World champion carver Rich Smoker had this to say of Dyke:

“I knew Sam Dyke by many disciplines: collector, carver, judge, duck hunter, birder, curator, Chairman of the Board, evaluator of antiquities, and a wood specialist at his ‘real job’ at Glatfelter Pulpwood. Sam was the Ward Foundation. He guided the Ward Foundation for over 40 years, through tumultuous waters, with an unerring and straight-forward hand. Sam led by example; no job was too big or too small to be finished with his eye to detail. He had the uncanny ability to be able to see your strengths and weaknesses, take them, and guide each person, using their assets to benefit the whole. He possessed an amazing eye that could spot field marks on birds in the field, as well as examples of works to be displayed in an exhibit, or added to the Ward's collection. A quiet and unassuming man, his strengths were revealed when he spoke on any topic [he was] questioned on. When [he] questioned [me] if his advice was taken to view a prized bird—no being the answer, yard work taking precedence—his response [was]: ‘Work can wait, time and tide wait for no man.’"

Noted author and decoy historian Henry Stansbury adds:

“Sam was so multi-talented and universally well-liked by all! He was both creative and artistic in his role as a sophisticated collector, as our curator and exhibit planning and installation expert, and in his recurring leadership role that we pressed on him several times over the years when we absolutely needed his quiet good humored steady hand at the helm of the Ward Museum. He guided us through the complex and very successful transition into the Salisbury University family with grace, and Sam recently assumed the helm once more as we planned some major advances in our new five year plan. He was just great to work with and equally adept at all phases of museum life. Sam was affable and generous with his time, expertise, and his resources – with not only the Ward Museum, but also the birding and conservation communities on the Eastern Shore.”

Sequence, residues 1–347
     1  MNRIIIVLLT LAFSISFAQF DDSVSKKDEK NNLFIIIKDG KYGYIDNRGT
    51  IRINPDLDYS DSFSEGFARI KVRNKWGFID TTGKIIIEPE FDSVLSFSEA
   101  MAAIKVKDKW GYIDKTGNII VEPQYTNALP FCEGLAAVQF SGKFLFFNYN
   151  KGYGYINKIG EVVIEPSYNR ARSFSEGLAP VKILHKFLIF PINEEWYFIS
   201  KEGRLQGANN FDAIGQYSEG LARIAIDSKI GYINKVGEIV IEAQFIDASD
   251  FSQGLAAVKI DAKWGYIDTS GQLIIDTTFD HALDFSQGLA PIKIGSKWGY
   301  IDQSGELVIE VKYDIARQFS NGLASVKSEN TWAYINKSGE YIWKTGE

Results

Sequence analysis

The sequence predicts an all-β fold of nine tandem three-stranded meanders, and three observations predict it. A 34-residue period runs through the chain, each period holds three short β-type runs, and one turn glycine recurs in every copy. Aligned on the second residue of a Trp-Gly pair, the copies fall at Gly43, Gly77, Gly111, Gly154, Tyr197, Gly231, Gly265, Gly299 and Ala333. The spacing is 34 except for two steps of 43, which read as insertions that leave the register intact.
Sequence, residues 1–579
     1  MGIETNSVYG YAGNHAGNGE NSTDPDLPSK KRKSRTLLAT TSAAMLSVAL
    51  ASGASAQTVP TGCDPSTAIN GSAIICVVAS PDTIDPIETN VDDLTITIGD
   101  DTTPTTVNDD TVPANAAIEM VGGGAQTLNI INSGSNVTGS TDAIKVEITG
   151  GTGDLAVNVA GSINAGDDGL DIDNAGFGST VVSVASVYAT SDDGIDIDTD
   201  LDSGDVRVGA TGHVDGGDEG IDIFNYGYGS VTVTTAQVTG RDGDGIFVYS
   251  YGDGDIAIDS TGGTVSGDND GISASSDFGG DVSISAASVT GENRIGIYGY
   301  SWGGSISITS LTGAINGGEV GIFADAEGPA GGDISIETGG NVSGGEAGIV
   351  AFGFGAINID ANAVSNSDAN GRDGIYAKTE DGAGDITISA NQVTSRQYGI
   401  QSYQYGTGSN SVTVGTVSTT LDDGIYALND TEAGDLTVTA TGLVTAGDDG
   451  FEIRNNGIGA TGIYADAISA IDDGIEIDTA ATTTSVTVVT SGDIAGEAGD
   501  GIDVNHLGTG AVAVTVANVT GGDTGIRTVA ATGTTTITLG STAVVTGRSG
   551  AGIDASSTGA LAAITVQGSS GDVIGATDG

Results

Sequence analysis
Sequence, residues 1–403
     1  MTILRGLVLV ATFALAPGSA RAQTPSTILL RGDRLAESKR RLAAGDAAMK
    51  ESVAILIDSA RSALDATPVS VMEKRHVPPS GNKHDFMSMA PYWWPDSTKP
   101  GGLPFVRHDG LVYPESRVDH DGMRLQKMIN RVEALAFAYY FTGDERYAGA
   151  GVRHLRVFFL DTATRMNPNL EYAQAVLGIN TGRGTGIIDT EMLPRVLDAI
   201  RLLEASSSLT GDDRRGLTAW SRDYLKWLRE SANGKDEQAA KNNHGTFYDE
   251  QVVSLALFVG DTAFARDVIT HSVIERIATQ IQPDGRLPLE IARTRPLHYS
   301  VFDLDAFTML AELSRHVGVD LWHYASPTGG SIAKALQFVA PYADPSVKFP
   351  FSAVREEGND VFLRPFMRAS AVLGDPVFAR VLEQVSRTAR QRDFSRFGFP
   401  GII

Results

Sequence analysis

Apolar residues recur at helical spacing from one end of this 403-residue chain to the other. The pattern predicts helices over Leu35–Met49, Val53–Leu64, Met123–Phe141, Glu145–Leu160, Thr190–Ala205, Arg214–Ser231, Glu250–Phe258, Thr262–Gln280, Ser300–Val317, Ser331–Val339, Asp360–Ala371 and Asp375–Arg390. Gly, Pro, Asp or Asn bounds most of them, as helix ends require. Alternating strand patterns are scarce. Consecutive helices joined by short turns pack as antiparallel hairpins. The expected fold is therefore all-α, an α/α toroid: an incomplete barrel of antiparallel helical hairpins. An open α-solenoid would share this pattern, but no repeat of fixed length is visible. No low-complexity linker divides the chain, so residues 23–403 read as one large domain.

Jeffrey Gordon, President of the American Birding Association, remembers:

“The term gentleman is often applied casually, but it suited Sam perfectly; he carried it in a way that very few of us do. His authority, charm, and charisma–all prodigious–were rooted in his quiet, caring, and self-effacing manner. He had a distinct talent for inspiring confidence. ... He was able to see good in you [that] you didn't know you had and call it forth, just as he might lead someone to a view of some shy and heretofore unseen bird. He loved the lands and waters of Delmarva and all around the world. He loved the birds and other wild creatures he shared it all with, and worked hard to inspire that love in others.”

Sam Dyke never sought attention for the many works that he did. His role at and contributions to the Ward Museum were priceless, and he shall be sorely missed.

A public celebration of Dyke’s life was held at the Ward Museum of Wildfowl Art on Saturday, July 26, 2014.

 

Click on a photo below for a larger image.